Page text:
Not all such money, of course.  Lottery tickets are bought disproportionately by lower-income people.  If a person gets income by winning the PowerBall or some other lottery, the Federal government taxes the money as income. Conservatives do not object.  But if a person gets income by winning the rich-parent lottery, Conservatives think he or she should not pay any taxes.

What Conservatives are saying to you is this: working for your money is not as good as instead of inheriting it. This message seems to contradict the principles listed above. But, as Jon Stewart recently pointed out, Conservatives apply those principles of economics and motivational psychology only to the poor, not to wealthy individuals or corporations.

Cross-posted at Montclair SocioBlog and the Huffington Post.

Jay Livingston is the chair of the Sociology Department at Montclair State University. You can follow him at Montclair SocioBlog or on Twitter.

Why Income Inequality Will Likely Keep Getting Worse

Thomas Piketty has just published a massive new book tackling the explosive growth in income inequality.  Here’s what it looked like in Europe and the United States in 2010 (source):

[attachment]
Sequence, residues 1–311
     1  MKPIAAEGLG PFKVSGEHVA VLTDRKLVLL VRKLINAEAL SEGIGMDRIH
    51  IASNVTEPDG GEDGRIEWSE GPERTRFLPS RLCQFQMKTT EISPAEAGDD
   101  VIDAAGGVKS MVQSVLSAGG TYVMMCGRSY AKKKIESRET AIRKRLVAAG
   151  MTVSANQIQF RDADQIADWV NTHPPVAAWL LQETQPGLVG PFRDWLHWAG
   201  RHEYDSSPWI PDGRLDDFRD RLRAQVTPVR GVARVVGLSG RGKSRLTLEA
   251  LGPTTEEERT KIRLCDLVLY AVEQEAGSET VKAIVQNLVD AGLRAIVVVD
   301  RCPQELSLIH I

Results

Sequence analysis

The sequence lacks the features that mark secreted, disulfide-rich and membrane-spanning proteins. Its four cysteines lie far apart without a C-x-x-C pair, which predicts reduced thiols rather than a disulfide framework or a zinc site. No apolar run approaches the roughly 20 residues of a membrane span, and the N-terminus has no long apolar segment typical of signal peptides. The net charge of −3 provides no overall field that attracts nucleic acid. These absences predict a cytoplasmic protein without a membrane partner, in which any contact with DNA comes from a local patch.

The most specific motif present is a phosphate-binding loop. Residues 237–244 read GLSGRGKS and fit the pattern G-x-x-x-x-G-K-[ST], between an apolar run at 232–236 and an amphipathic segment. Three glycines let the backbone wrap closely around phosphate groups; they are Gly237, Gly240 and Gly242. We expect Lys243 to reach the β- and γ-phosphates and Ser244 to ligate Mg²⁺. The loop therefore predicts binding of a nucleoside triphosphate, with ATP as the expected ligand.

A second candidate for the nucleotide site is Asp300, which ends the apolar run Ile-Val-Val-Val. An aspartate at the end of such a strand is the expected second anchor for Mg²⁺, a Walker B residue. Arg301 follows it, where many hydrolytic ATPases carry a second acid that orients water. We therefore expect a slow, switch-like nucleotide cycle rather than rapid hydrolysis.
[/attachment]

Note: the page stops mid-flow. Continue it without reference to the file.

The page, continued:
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A New York Times review of the book, Capital in the Twenty-First Centurybegins as follows:

What if inequality were to continue growing years or decades into the future? Say the richest 1 percent of the population amassed a quarter of the nation’s income, up from about a fifth today. What about half?

To believe Thomas Piketty of the Paris School of Economics, this future is not just possible. It is likely…

His most startling news is that the belief that inequality will eventually stabilize and subside on its own, a long-held tenet of free market capitalism, is wrong. Rather, the economic forces concentrating more and more wealth into the hands of the fortunate few are almost sure to prevail for a very long time.

Piketty’s pessimistic view is based on his argument that income generated from capital normally grows faster than the economy or income from wages.  This means that the private owners of capital benefit disproportionately from growth, which makes it easier for them to increase their asset holdings and by extension future income.  And, since wealth and income translate into political power, we face a self-reinforcing dynamic leading to ever growing inequality.

This suggests that embracing a system based on maximizing the returns to private owners of capital is a mistake for the great majority of working people. A recent study by the investment bank Credit Suisse provides more evidence for this conclusion.  As Michael Burke explains,

The study… shows that long-term growth rates of GDP in selected industrialized economies are negatively correlated with financial returns to shareholders.